This entry is part 43 of 92 in the series Morning Porch Poems: Spring 2011


Dear invisible hand scribing the surface
of this vinyl platter, you usher in a new
soundtrack: buzz of a black-throated warbler,
catbird’s brassy solo. All cool and nonchalant—
but underneath: the faltering notes of what
we want so much to say but can’t. Fluttering
skin, stroked by feathers. If I begged you to stay,
if I begged you to take me away? What then?
But I don’t. In the evenings, the crickets repeat
their two-note arias. Under the trees, fireflies
send stuttering messages across the dark.


In response to an entry from the Morning Porch.

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4 Replies to “Tremolo”

  1. If I begged you to stay,/if I begged you to take me away? What then?/But I don’t.


    It is the dance not the dancer that we enjoy,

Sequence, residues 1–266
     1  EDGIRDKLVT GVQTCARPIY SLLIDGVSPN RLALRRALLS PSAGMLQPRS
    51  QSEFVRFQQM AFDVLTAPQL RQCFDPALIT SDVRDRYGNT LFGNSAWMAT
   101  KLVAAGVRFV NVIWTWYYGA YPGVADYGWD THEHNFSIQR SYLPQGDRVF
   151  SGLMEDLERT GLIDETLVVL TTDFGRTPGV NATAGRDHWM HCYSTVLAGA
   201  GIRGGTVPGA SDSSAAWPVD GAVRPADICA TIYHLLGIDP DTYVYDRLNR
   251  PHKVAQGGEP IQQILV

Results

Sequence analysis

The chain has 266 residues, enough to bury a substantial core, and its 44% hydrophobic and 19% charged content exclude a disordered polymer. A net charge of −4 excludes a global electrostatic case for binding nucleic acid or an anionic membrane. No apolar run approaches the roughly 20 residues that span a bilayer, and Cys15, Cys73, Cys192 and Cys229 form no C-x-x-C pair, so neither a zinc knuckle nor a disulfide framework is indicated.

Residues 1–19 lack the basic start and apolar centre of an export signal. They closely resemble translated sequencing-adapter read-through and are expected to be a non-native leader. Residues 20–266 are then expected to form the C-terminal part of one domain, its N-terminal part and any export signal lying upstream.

don’t we? Take this tremolo that we sing
    under our breaths—shall we run off?
    Will you take me away? Beg me. Beg me.

    But you won’t. Never did. Or will. Will you?
    There would be no need for that now—
    time has run out on us. The music ends
    when lights also fade in our tired salon.

    Still, the faltering notes of what we want
    to say but can’t—or won’t– -becomes
    the stuttering messages lost with the wind
    and are faint echoes in an empty salon.

    If we can stop the flight of these desires,
    Would we hold on to them and not be scared?

    —Albert B. Casuga

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